She's the Man

She's the Man

Theatrical release poster
Directed by Andy Fickman
Produced by Lauren Shuler Donner
Tom Rosenberg
Gary Lucchesi
Screenplay by Karen McCullah Lutz
Kirsten Smith
Based on Twelfth Night by
William Shakespeare
Music by Nathan Wang
Cinematography Greg Gardiner
Edited by Michael Jablow
Distributed by DreamWorks Pictures
Release dates
  • March 17, 2006 (2006-03-17)
Running time
105 minutes
Country United States
Language English
Budget $20 million
Box office $57.2 million[1]

She's the Man is a 2006 American romantic sport-comedy film directed by Andy Fickman, inspired by William Shakespeare's play Twelfth Night. The film stars Amanda Bynes, Channing Tatum, Laura Ramsey, and Vinnie Jones.

The film centers on teenager Viola Hastings who enters her brother's school in his place, pretending to be male, in order to play with the boys' soccer team.


Viola Hastings (Amanda Bynes) is a teenage girl who plays for her high school soccer team. When the school suddenly cuts the girls' team, Viola requests to join the boys' team instead but is refused by their misogynistic coach. Meanwhile, her twin brother, Sebastian (James Kirk) is supposed to enroll in Illyria, an elite boarding school, but he secretly goes to London for a contest with his fledging band instead. Viola agrees to cover for him and decides to pass herself off as Sebastian in hopes of joining their boys' team and beating Cornwall in an upcoming game to prove their coach and her cocky ex-boyfriend, Justin (Robert Hoffman), wrong. With the help of her stylist friend, Paul (Jonathan Sadowski), she is transformed into "Sebastian" and joins Illyria in his place.

While moving in, she meets her roommate, Duke Orsino (Channing Tatum), an attractive soccer player and Illyria's team captain. During tryouts, Viola fails to impress Coach Dinklage (Vinnie Jones) and is assigned to second string, much to her dismay. Her teammates including Duke initially dislike "Sebastian" due to his awkward and strange behavior. However, with help from Paul once again, they begin to accept him into their social circle. "Sebastian" then gets the popular and pretty Olivia (Laura Ramsey) as his lab partner, which frustrates Duke as he has feelings for her. "Sebastian" agrees to put in a good word for Duke if he promises to train him to be a better soccer player. Coach Dinklage eventually notices "Sebastian's" effort and improvement, thus promoting him to first string.

At the Junior League carnival, Viola works a shift at the kissing booth and shares a kiss with Duke. Duke expresses to "Sebastian" that he might move on from Olivia as he is starting to like Viola now. Viola is delighted as she secretly feels the same way.

Olivia who now has a crush on "Sebastian" asks Duke out on a date in hopes that it will make "Sebastian" jealous. Viola who is unaware of Olivia's true intentions is enraged instead because Duke has now abandoned his interest in Viola. When Viola finds out the truth, she encourages Olivia to tell Sebastian directly about her feelings.

The situation becomes even more complicated when the real Sebastian returns from London a day early unbeknownst to Viola. As soon as he arrives at Illyria, Olivia confesses her feelings and kisses him. Duke, seeing this, believes his roommate has betrayed him. When "Sebastian" returns to their room, the two have an argument and Duke kicks him out. Viola oversleeps and misses the first half of the game, while the real Sebastian is mistaken for "Sebastian" and winds up poorly playing his sister's game instead. Monique, along with Illyria's pesky dorm director (and Olivia's stalker) Malcolm, report to Principal Gold (David Cross) of Viola's impersonation, who believes them and halts the game to inform the crowd that Sebastian is a girl. The real Sebastian proves himself to be male by exposing his genitals (off-screen). At half-time, Viola explains the situation to Sebastian and they switch places again.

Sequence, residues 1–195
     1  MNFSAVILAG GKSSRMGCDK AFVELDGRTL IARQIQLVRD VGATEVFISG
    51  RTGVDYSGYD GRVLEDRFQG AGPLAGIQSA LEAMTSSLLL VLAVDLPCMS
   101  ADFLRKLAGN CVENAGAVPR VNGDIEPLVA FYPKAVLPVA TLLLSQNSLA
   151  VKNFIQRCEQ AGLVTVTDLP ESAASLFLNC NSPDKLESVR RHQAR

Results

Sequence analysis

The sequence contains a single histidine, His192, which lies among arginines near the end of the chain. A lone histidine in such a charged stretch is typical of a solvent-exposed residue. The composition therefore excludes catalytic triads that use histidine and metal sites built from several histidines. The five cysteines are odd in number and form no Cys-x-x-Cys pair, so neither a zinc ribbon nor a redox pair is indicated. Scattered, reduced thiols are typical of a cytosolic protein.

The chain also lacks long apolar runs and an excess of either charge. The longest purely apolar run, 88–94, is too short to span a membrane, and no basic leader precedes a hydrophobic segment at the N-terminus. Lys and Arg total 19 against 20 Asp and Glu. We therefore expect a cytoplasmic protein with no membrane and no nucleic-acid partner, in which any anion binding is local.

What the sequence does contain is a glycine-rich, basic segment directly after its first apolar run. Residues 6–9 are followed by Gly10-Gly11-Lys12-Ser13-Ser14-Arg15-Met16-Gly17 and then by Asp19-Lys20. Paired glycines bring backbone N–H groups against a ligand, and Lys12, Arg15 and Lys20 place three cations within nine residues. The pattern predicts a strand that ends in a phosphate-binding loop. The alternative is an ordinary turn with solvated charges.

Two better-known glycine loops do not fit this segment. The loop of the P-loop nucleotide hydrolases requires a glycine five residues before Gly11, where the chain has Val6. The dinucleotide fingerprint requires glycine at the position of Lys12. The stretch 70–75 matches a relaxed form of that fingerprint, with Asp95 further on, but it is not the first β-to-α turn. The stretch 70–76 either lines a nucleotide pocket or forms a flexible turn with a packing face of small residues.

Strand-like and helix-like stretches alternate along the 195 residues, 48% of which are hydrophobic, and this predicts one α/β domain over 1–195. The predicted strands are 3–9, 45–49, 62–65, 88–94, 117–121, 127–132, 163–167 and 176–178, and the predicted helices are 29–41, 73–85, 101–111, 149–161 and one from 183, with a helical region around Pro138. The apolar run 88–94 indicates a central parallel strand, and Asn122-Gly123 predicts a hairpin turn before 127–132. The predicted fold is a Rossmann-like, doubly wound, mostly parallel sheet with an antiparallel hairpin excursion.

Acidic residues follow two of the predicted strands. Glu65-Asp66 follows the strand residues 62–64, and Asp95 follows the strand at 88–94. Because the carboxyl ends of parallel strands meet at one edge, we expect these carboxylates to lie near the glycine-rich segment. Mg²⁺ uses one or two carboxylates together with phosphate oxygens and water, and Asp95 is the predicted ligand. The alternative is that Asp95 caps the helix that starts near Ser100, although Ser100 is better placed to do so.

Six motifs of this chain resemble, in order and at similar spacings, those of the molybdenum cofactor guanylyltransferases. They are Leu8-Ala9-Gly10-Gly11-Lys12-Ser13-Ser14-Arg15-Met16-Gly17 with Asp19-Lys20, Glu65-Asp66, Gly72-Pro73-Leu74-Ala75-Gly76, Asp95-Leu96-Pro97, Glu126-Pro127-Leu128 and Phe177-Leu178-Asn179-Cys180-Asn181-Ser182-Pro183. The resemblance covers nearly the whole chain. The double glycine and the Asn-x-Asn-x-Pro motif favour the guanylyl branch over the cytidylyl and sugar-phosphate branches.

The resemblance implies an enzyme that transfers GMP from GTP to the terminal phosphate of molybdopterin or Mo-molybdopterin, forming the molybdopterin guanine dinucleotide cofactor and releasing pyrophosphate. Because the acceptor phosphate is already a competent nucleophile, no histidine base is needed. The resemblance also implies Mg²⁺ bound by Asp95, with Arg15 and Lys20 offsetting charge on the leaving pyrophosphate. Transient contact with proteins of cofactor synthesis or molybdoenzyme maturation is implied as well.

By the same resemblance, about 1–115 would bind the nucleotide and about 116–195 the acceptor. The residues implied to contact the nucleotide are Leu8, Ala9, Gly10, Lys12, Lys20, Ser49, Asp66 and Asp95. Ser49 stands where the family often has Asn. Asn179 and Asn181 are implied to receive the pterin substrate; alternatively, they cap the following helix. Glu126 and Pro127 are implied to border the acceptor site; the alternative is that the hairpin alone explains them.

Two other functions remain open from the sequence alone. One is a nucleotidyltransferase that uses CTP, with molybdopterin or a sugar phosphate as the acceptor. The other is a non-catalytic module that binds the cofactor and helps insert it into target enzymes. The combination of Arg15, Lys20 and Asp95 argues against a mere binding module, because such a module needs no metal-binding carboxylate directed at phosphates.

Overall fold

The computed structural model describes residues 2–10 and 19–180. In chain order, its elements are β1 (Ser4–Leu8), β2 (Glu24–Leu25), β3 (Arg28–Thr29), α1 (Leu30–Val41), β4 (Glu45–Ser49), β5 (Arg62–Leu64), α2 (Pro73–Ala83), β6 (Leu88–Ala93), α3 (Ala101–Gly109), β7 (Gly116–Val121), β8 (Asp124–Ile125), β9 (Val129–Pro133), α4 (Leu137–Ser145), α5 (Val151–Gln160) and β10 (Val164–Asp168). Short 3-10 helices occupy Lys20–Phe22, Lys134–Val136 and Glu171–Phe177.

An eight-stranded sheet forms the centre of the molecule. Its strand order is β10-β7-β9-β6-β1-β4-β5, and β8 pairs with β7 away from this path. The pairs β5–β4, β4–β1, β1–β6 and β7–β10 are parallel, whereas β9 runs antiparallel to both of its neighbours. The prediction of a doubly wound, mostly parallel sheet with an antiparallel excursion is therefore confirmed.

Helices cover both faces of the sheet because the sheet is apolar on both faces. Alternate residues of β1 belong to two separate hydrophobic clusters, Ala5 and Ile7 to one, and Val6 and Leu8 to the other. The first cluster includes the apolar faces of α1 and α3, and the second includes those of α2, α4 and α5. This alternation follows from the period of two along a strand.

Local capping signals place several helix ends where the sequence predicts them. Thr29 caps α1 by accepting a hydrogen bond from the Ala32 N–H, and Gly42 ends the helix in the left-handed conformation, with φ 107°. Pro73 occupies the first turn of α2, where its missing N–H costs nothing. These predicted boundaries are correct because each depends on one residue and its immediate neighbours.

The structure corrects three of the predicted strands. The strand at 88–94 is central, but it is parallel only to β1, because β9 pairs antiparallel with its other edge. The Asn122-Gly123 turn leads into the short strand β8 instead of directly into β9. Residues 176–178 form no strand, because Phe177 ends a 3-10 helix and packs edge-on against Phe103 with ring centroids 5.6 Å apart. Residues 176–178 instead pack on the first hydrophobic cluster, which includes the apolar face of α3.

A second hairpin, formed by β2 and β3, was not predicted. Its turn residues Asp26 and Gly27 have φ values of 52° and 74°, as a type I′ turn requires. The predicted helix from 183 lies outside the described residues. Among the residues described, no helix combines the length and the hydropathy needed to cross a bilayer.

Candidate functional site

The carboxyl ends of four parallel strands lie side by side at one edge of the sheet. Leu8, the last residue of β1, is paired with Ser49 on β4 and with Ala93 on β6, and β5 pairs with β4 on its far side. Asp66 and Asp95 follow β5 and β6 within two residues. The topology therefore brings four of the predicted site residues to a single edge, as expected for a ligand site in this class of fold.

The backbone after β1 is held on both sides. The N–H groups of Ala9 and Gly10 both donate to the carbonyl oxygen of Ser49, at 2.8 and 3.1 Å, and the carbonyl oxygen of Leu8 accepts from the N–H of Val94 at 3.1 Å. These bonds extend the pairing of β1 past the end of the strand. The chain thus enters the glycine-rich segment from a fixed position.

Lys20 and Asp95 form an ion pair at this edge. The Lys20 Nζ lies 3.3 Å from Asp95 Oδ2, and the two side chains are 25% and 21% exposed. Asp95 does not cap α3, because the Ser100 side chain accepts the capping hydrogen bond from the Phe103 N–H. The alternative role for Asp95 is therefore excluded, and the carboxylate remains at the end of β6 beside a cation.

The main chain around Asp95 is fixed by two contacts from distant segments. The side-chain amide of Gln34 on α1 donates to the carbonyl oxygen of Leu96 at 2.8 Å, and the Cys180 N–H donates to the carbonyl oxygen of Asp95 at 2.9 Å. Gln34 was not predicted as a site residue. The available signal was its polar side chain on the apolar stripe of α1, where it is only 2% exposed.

Duke, still furious at "Sebastian", refuses to cooperate with him on the field. Determined to makes amends with Duke, "Sebastian" explains that he is actually Viola, convincing Duke and everyone else by exposing her breasts (off-screen). Coach Dinklage agrees to let Viola play anyway, sternly informing Cornwall's misogynistic coach that Illyria doesn't discriminate based on gender. Illyria wins the game when Viola scores a goal, finally humiliating Justin and the rest of the Cornwall boys.

Everyone at Illyria celebrates their victory over Cornwall, except for Duke who is hurt about Viola's deception. She invites Duke to her debutante ball, but he doesn't respond to her invitation. At the ball, Viola is skeptical that Duke will show up but he eventually does just in time to escort her on stage, where they share a kiss. At the end of the film, Viola and Duke are shown happily playing on Illyria's soccer team together.



Box office

The film opened at #4 at the North American box office making $10.7 million USD in its opening weekend. Its budget was approximately $20,000,000. She's the Man grossed a total of $33.7 million domestically with a total gross of $57.2 million worldwide.[1]

Critical response

Review aggregation website Rotten Tomatoes gave She's the Man a rating of 43%, indicating generally negative reviews, based on 109 critiques. The critical consensus reads, "Shakespeare's wit gets lost in translation with She's the Man's broad slapstick, predictable jokes, and unconvincing plotline."[2] Metacritic, which assigns a weighted mean rating out of 100 reviews from film critics, the film has a rating score of 55 out of 100 based on 28 reviews.[3]

See also


External links

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